Ongoing progress in the full monastic ordination of women: Vajrayana

In his 2022 spring teaching of Arya Kshema teachings, the 17th Karmapa presented the historical point that the full ordination of women (bhikshunis) has always been an option presented in the Mulasarvastivada Vinaya (MSV), the body of Buddhist law followed by the Vajrayana schools since Tibet’s first diffusion. The Karmapa’s consistent voice for the full ordination of women was based on not only a moral position as the Karma Kagyu’s leader in the 21st century, but also on a striking historical fact: that there are records of many locations in Tibet with ordained bhiksunis.

Adele Tomlin of Dakini Translations has pointed out that historically, the Gelug school’s political triumph over the Kagyu school eventuated in many significant historical consequences, with the disappearance of bhikhsunis in Tibet being one of the very likely results (and correspondingly, across the Himalayan region that now spans multiple countries).

The present Dalai Lama, one of the Gelug’s most prominent leaders, said many years ago that the bhiksuni ordination never took root in Tibet, based on the understanding that the bhikshuni ordination lineage never went to the region (that is, there were no fully ordained nuns in the Tibetan Empire during the first diffusion). Adele Tomlin’s recent research, along with the past history unearthed by the Karmapa, was groundbreaking and reframed the grounds on which bhikshuni ordination might be revived.

In the Vajrayana sphere of monastic communities, an extensive, intensive, multi-faceted effort of over three decades has come to fruition through rapid progress in three respects, which are tied directly to the “three trainings”:

Sila (with full gelongma/bhiksuni higher ordinations of women in the Mulasarvastivada Vinaya),

Samadhi (subsequent intensive, multi-year trainings and long retreats in togdenma: these are monastic yogis trained in traditional long intensive retreats), and:

Prajna (accompanying monastic education in philosophy and certifications like the Geshema degree, which is equivalent to the Geshe degrees of monks).

In a 2020 seminal study that was funded by the Deutsche Forschungsgemeinschaft (German Research Foundation), Carola Roloff presented a case for how bhikshuni ordination, which has been absent for centuries in Vajrayana, could be legitimately reinstated. This study, which brought together over 20 years of research, provided a crucial academic basis for Bhutan’s decision to move ahead with the institutional restoration of the Vajrayana bhikshuni lineage, fully and completely according to MSV sanctions. The historic ordination ceremony took place on 21 June 2022. 

As the world’s last remaining constitutional Buddhist monarchy, Bhutan was uniquely placed to initiate this historic event. Unlike Bhutan’s Drukpa Kagyu, the majority of Vajrayana schools have heads and leaders, but are not tied to an explicit church-state (sangha-state) relationship. When the Je Khenpo (National Master) of Bhutan had to make the decision, he was taking into account the request of the Queen Mother, as well as that of the king and queen. I am told that since the reigning king and queen wield significant influence in Bhutan, the Je Khenpo felt that he could and should move forward, without needing to get everyone else’s outside agreement—even from other Vajrayana heads.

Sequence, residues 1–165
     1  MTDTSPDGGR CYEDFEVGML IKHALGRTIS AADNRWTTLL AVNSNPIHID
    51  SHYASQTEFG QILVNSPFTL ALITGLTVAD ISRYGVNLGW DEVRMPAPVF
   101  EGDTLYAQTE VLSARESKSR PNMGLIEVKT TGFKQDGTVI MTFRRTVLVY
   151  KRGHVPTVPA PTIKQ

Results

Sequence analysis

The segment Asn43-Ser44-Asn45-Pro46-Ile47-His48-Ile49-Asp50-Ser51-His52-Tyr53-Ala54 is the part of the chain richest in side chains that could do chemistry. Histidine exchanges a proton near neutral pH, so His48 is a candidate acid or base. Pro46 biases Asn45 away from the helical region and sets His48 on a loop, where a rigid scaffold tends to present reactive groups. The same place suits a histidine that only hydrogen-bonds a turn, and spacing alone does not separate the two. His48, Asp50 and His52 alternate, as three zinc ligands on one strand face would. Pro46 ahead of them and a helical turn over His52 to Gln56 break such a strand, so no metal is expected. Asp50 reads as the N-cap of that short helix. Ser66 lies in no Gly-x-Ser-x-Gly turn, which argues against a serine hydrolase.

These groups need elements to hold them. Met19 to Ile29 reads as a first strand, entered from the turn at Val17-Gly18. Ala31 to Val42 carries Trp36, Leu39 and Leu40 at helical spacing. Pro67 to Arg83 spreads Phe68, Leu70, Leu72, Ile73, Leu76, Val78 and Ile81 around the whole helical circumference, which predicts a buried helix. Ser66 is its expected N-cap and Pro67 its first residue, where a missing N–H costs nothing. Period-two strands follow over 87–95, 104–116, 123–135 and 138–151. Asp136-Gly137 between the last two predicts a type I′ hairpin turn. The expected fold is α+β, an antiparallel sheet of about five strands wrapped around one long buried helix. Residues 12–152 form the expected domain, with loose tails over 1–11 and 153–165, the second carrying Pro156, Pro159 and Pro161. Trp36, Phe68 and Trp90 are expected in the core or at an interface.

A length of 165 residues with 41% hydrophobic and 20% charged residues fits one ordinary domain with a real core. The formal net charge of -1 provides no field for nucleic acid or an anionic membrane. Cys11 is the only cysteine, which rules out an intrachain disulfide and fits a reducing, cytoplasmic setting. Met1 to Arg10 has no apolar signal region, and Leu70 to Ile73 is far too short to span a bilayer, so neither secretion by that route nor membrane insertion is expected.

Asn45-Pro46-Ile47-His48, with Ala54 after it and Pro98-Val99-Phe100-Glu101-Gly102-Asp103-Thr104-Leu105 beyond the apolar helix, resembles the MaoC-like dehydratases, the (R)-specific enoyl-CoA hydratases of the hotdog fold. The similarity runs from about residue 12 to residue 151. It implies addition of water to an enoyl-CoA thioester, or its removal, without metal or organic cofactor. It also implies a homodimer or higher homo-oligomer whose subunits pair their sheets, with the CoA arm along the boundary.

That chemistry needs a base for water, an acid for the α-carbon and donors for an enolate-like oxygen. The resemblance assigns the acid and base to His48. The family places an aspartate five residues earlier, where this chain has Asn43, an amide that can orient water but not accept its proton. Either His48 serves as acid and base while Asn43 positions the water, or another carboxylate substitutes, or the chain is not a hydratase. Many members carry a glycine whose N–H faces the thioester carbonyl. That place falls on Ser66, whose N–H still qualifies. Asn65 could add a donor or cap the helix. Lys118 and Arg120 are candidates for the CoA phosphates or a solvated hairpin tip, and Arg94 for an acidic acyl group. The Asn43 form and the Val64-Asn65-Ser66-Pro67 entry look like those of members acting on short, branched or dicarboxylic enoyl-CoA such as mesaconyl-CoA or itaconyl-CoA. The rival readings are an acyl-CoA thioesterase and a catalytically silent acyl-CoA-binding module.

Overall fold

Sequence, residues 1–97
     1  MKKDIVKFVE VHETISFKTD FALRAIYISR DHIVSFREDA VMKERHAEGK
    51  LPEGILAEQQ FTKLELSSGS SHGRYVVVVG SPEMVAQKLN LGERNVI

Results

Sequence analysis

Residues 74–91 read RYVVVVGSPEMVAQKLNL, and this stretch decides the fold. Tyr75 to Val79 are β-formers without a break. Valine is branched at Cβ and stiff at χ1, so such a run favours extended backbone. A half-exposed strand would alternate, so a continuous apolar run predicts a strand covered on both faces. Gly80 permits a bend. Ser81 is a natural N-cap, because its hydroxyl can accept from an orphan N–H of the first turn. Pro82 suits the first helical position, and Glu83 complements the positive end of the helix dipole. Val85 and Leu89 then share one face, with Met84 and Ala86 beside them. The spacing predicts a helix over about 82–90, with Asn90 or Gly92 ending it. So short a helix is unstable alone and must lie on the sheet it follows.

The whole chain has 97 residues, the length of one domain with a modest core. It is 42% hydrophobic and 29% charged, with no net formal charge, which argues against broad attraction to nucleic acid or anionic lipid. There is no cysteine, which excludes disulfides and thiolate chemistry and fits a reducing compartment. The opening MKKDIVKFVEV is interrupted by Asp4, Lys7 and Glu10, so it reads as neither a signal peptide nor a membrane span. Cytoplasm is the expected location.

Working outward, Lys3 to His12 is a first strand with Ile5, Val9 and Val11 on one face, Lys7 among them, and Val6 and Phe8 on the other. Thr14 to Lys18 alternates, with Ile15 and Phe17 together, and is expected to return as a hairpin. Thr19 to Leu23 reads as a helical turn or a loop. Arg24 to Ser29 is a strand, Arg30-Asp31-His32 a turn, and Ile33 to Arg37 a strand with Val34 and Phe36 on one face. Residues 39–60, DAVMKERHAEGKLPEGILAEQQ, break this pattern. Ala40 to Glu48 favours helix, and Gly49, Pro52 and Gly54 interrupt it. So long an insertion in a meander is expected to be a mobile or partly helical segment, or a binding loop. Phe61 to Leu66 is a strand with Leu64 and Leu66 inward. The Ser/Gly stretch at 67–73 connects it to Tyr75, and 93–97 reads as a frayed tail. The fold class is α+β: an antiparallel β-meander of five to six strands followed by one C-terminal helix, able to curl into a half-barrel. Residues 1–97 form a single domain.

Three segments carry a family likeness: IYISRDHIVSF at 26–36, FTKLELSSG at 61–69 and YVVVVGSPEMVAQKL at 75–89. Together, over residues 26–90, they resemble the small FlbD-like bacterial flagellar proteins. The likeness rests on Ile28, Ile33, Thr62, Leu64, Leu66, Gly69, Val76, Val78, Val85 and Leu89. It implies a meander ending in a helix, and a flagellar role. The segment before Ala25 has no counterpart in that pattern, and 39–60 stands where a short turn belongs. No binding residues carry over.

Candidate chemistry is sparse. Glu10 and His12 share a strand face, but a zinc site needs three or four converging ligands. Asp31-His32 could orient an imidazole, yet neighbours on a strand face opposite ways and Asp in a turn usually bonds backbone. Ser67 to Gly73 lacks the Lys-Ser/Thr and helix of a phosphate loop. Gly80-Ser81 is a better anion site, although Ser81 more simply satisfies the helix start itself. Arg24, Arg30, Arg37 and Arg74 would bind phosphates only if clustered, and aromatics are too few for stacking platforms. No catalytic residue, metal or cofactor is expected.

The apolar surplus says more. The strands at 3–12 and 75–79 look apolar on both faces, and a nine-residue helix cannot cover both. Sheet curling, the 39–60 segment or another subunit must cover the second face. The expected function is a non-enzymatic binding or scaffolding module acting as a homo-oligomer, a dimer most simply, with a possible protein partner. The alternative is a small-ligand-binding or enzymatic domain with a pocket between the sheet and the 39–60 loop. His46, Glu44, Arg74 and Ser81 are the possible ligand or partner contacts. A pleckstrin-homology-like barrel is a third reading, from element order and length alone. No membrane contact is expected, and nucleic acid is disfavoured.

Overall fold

This has meant that the institutional MSV Bhikshuni Sangha exists once more, with members empowered to ordain women according to its canon law, and is going strong into its second year in 2024. This is a great privilege to witness in this lifetime.

The Bhutan Nuns Foundation Office was going to organize the country’s 2nd Bhikshuni Ordination, originally scheduled for 21 June 2024. It received an overwhelming response from registering Buddhist nuns worldwide but “due to unforeseen circumstances,” as mentioned on the foundation’s Facebook page, the ordination ceremony is to be rescheduled according to the Je Khenpo’s instructions.

Geshemas are authorized teachers (the popular comparison is that of the geshe/geshema certificate to a Western-style PhD). This number continues to grow, and there is anecdotal evidence that the number khenmos (authorized female masters that often double as nunnery abbesses) is growing. This is still not common and is only newly happening. They have been very rare and normally Himalayan nunneries have a khenpo, or male master.

In 2023, the Drikung Kagyu lineage’s Vajra Dakini Nunnery, under the leadership of co-head Drikung Kyabgön Chetsang Rinpoche, hosted a historic international bhikshuni varsa in Sravasti, India. Although there are multiple known ruins of the ancient bhikshuni sangha in Sravasti, traces of female monastic practice had disappeared for centuries. This was a kind of homecoming, after hundreds of years of absence.

Just as there are four pillars of the global sangha as a whole, four pillars uphold the contemporary bhikshuni sangha: gelongma (bhikshunis), togdenma (yogi adepts), geshemas (academic scholars), and khenmo (abbesses or institutional leaders). The foundations of the resurrection of the bhikshuni sangha are stable, solid, and completely legitimate. The movement for the 21st century’s spread of ordained women can bring about the potential to bring for the kind of positive change that has been yearned for for decades in the modern period.


Carola Roloff. 2020. The Buddhist Nuns’ Ordination in the Tibetan Canon: Possibilities of the Revival of the Mulasarvastivada Bhiksuni Lineage. Hamburg: Projekt Verlag.

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